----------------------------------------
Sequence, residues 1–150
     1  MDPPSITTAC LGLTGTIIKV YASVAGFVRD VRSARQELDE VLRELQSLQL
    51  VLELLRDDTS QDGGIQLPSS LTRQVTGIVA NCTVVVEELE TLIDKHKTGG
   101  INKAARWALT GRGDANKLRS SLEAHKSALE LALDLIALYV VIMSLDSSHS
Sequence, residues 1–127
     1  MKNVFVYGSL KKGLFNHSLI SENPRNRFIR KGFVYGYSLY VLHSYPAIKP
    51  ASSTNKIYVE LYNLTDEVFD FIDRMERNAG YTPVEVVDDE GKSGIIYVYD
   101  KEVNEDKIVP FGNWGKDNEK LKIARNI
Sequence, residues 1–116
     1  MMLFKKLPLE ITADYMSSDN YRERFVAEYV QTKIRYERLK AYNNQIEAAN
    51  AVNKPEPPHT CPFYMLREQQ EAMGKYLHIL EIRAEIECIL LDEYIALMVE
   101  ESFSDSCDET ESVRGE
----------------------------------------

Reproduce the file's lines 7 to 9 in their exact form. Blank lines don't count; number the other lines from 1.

    51  ASSTNKIYVE LYNLTDEVFD FIDRMERNAG YTPVEVVDDE GKSGIIYVYD
   101  KEVNEDKIVP FGNWGKDNEK LKIARNI
Sequence, residues 1–116